Tag Archives: Myrrh

Song of Songs 3 Seeking the King of Her Heart

Edward Poynter, The Visit of the Queen of Shebe to King Solomon (1890)

Song of Songs 3

Bolded is the woman’s voice, the man’s voice is not bolded in the poem (my interpretation)

1 Upon my bed at night I sought him whom my soul loves; I sought him, but found him not; I called him, but he gave no answer.
 2 “I will rise now and go about the city, in the streets and in the squares; I will seek him whom my soul loves.” I sought him, but found him not.
 3 The sentinels found me, as they went about in the city. “Have you seen him whom my soul loves?”
 4 Scarcely had I passed them, when I found him whom my soul loves. I held him, and would not let him go until I brought him into my mother’s house, and into the chamber of her that conceived me.
 5 I adjure you, O daughters of Jerusalem, by the gazelles or the wild does: do not stir up or awaken love until it is ready!
 6 What is that coming up from the wilderness, like a column of smoke, perfumed with myrrh and frankincense, with all the fragrant powders of the merchant?
 7 Look, it is the litter of Solomon! Around it are sixty mighty men of the mighty men of Israel,
 8 all equipped with swords and expert in war, each with his sword at his thigh because of alarms by night.
 9 King Solomon made himself a palanquin from the wood of Lebanon.
 10 He made its posts of silver, its back of gold, its seat of purple; its interior was inlaid with love. Daughters of Jerusalem,
 11 come out. Look, O daughters of Zion, at King Solomon, at the crown with which his mother crowned him on the day of his wedding, on the day of the gladness of his heart.

During the day the woman sent the man away, presumably in this reading to deal with the issues that keep them apart, but now in the night she desires his presence. Although the translation of the Hebrew nephesh as soul has helped many traditional commentators see this as an allegory for the relationship with God, the meaning of nephesh would be closer to ‘with all my being.’ The very essence of the woman loves and desires the beloved and departs from the bed and the house to seek him. We join the woman in her desperate search for her beloved. Perhaps she regrets telling him to flee earlier or realizes that her desire for him is more powerful than her need for public acceptance of their relationship. Her search for him is desperate. This one whom she loves with all her being must be found and brought into her home.

Many readers hear of the sentinels finding the woman and anticipate this being a threatening scene for the woman. There are certainly many instances of men with power and authority taking advantages of a vulnerable woman and an unmarried woman walking through the city at night may be taking a risk. Yet, the sentinels here are not viewed by the woman as a danger but rather as a resource. They are someone who may have seen her beloved in their rounds, and so she asks them for information. The woman’s desperate search for the beloved overcomes any sense of danger these sentinels may pose, and she passes beyond them without harm or any additional information on the beloved’s location.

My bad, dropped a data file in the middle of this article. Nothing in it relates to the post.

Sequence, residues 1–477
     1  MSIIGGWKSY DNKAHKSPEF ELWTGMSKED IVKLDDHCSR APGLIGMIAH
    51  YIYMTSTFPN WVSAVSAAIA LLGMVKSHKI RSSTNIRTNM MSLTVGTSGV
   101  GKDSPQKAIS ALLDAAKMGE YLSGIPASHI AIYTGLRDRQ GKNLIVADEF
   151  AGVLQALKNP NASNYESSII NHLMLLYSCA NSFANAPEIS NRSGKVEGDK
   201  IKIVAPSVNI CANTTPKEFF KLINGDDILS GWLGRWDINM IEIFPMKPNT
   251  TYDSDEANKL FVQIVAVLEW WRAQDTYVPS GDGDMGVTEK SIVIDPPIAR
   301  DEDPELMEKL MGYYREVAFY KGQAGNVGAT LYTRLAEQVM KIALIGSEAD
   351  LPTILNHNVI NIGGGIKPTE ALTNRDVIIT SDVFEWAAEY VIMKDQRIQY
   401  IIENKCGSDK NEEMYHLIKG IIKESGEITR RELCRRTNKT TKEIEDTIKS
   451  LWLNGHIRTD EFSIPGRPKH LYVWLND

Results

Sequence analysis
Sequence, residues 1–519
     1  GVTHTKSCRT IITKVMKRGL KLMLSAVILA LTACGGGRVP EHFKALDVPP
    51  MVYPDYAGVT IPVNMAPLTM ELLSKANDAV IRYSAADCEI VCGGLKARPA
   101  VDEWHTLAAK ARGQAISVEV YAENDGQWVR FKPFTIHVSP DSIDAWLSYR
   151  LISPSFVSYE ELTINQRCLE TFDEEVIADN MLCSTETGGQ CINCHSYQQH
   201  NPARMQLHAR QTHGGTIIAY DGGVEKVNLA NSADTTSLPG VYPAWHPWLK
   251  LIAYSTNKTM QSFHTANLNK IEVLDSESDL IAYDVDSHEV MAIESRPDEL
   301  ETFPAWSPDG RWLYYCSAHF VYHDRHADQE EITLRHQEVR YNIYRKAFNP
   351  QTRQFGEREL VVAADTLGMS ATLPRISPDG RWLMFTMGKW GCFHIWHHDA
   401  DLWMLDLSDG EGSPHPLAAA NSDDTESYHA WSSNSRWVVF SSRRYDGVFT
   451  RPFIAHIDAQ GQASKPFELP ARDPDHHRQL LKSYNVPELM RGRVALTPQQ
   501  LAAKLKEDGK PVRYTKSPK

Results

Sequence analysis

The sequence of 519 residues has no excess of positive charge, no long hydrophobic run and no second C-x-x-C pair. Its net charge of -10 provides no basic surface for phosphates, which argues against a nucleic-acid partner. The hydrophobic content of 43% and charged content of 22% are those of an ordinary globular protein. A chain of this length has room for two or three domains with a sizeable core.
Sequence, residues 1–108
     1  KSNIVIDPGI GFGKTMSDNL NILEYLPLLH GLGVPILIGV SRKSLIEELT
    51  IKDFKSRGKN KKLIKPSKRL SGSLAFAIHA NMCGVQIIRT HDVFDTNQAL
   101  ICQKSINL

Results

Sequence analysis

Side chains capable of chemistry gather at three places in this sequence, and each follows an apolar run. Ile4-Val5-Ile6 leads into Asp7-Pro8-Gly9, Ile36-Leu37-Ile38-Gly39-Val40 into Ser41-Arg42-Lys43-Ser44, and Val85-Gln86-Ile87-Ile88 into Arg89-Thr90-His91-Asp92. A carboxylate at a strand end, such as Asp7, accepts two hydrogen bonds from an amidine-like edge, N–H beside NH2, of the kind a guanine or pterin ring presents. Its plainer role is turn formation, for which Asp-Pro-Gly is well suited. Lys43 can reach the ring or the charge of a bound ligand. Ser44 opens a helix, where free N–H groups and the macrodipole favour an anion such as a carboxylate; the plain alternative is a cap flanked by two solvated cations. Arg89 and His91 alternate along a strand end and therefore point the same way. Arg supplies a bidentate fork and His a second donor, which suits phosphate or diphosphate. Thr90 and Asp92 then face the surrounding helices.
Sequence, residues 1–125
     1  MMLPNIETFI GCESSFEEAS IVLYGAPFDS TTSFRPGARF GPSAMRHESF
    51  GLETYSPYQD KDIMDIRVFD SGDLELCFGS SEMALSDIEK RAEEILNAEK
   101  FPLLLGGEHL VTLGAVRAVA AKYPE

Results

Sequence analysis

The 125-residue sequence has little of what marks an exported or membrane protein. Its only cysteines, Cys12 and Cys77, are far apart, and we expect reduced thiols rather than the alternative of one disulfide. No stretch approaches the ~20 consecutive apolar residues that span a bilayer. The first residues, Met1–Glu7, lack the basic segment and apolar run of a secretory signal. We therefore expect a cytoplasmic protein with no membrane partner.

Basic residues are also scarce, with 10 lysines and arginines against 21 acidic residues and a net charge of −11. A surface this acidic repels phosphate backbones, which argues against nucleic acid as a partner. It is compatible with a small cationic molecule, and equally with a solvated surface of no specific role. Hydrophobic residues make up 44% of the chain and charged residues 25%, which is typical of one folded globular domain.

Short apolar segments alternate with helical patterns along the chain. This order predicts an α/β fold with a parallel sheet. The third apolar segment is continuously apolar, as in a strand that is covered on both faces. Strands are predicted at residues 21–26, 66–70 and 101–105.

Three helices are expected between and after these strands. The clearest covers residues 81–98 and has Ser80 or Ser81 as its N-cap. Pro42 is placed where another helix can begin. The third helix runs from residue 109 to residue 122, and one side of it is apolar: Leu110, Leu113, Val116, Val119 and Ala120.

The desperate search in the night leads the woman to the one whom she loves with all her being and now she will not let him go again. Shortly after the encounters with the sentinels she finds him and brings him into her home. She brings him to the place where no other man is present, no brothers or fathers, and she brings him into a place where our lovers can close the door and keep the rest of the world outside. Perhaps previously she desired him to bring her into his own home, but for now she refuses to let go of him and brings him into her own home.

This passage presents an interesting contrast to the description of the dangerous woman in Proverbs 7. In Proverbs the dangerous woman also will not stay at home and:

Now in the street, now in the squares, and at every corner she lies in wait. She seizes him and kisses him, and with an impudent face she says to him: “I had to offer sacrifices, and today I have paid my vows; So now I have come out to meet you, to seek you eagerly, and I have found you! Proverbs 7:12-15

Proverbs would probably find the woman’s desperate search for the beloved distasteful, her seeking through the streets and the squares and her bold seizing of the man and bringing him back to her household as the antithesis to that book’s more chastened view of relationships. As Stephanie Paulsell states, “Proverbs tells this story with the woman in the role of the villain, the Song places the woman in the role of the brave heroine.” (Cox 2012, 222) I find it helpful that our scripture can embrace both a male and feminine perspective on a similar story. It is also ironic perhaps that the male perspective in Proverbs is threatened by the presence of daring (dangerous in Proverb’s view) women.

The second half of the chapter shifts into the language of metaphor and may initially seem out of place within this portion of the poem.  Verse six can be read in either voice, as the man complementing the woman which is answered by her long compliment of the man, or as the woman beginning her extended metaphor about her beloved. I read this entire chapter as the woman’s voice, and her question about “What (or who) is that coming up from the wilderness…” being answered by the exclamation “Look, it is the litter of Solomon.” In our culture we may think of women being the primary ones perfumed or wearing scents like “myrrh, and frankincense, with all the fragrant powders of the merchant” but especially with the metaphor of the beloved as Solomon this fragrant procession which produces a column of smoke makes sense in the poem.